Bill's Lecture - Oldswinford & Stourbridge





Bill's Lecture

Early Days
(Lagos, Oldbury,Langley)

Lye & Stambermill

Oldswinford & Stourbridge

Brierley Hill

Cradley Heath, Cradley & Dudley

Wollescote & Kinver


Additional Material


Other Works

Bill at Work


Let us now move to the Mother church of the district and look at the East window where I was called by the Rector to do some surgery on St Peter’s left hand and wrist which had been broken by vandals. This was high up near to the Majestus and meant working at the top of a tall swinging ladder. Seeing the figures close up in the window they all appear very lovely as one can see with this close up of the Patron Saint of the Oldswinford church.

A very colourful window can be seen in the Lady Chapel from the 1914 war and is dedicated to the memory of Lt. Commander Grazebrook It depicts Christ walking on the waters calming the waves. In the tracery can be seen the flags of our allies of that time and amongst them is the Japanese flag, which seems strange today considering that they were our bitterest enemies during the Second World War.

And now we take a look at St John’s (Stourbridge) and see some good glass in the East window, centred around the crucifixion scene.

The Majestus here comes from the large West window the gift of, the Fellows family commemorating a son who was killed in action in the 1914 War, and whose likeness is shown in small panels at the base of the window.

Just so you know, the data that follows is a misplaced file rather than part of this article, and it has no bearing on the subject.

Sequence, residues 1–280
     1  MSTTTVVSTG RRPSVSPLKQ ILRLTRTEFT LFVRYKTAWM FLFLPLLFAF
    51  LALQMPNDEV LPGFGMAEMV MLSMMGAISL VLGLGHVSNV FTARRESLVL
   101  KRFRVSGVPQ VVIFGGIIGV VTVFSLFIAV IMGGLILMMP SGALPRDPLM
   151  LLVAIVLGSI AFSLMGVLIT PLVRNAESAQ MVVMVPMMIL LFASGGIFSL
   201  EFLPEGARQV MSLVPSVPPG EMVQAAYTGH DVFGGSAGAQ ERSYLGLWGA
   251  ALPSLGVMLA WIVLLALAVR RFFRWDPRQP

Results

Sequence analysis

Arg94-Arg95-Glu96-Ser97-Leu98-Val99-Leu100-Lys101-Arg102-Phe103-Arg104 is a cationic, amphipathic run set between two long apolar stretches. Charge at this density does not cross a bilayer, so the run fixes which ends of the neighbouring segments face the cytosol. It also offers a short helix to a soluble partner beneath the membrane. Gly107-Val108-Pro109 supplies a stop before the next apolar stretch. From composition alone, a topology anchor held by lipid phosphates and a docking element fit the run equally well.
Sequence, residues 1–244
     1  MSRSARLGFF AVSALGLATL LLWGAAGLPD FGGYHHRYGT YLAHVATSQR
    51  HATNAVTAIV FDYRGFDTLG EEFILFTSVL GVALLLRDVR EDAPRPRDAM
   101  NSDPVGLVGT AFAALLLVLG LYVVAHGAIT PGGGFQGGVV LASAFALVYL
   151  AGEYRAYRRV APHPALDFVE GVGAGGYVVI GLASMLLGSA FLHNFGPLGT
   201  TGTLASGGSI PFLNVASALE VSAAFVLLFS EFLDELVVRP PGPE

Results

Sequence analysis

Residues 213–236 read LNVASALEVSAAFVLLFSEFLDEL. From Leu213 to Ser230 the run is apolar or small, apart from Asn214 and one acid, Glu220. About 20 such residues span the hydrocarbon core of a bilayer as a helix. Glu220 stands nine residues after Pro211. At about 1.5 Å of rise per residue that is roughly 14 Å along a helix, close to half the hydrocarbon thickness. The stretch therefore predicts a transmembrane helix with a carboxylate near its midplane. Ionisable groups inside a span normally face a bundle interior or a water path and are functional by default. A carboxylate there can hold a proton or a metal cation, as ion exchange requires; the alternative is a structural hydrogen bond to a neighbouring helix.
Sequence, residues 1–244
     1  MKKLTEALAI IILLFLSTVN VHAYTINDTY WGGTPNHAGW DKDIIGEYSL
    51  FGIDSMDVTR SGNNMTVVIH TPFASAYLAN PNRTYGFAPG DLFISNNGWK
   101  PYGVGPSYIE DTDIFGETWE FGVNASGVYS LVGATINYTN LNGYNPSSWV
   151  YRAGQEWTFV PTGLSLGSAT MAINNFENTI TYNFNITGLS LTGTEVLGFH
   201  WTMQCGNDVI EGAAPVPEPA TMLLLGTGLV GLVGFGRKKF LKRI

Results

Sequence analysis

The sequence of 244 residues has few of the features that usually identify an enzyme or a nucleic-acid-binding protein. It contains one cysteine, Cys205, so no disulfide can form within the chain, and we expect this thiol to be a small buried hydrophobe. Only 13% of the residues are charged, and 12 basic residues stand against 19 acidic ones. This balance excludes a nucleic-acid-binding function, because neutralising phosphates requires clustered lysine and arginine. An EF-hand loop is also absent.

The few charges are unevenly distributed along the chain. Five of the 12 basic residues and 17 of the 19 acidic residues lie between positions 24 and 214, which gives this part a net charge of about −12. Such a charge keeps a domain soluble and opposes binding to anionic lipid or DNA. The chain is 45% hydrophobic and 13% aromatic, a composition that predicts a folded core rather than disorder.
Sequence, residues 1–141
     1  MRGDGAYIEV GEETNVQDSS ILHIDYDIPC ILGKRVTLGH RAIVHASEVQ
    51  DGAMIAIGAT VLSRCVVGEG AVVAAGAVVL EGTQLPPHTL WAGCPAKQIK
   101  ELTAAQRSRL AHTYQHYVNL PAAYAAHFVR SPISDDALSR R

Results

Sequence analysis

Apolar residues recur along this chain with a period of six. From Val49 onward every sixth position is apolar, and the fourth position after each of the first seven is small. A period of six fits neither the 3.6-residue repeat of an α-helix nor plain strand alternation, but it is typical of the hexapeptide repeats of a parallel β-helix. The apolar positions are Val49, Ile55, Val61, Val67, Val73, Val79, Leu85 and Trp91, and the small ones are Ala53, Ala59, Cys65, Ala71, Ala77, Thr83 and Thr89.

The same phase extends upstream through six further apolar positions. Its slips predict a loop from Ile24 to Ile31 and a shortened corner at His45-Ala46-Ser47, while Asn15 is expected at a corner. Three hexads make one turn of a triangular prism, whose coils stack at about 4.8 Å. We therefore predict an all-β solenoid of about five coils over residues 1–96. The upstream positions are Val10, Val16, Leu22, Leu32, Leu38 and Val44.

The Sower – leaving the cloisters of Worcester Cathedral – at the glass works with a group of workers – and with the school rugger team at King Edwards

Two panels showing the diversity of types in the Worcs. regiment.

Just down New Road to the Methodist Church to see the glass there with three small panels in the sanctuary. Above one of the entrance doors is a window of exceptional beauty and is the creation of Miss Florence Camm of the Smethwick firm of that name. Miss Camm was a fine and talented artist who had some of her work exhibited at the Royal Academy. This window, which was the gift of Mrs Fellows of Stourbridge, is an outstanding example of her work. Although it portrays Christ blessing the little children, this was no Pot-Boiler, it being so different from the usual run-of-the-mill windows. The idea however is not original and is a copy of a similar window at Claverley church, by Davis of the Bromsgrove guild. As you can see it shows Christ as a boy with playmates all around, with butterflies, birdies and bunnies and baa-lambs. It is set in a very warm colour key and is one of the most exquisitely beautiful pieces of stained glass around. See here the great character portrayed in the face of the young Christ and observe the very natural attitudes of the children. Some of you may know this lovely work of art but those who do not, do please go and see it for yourself and then, if possible, see the one at Claverley which is even better.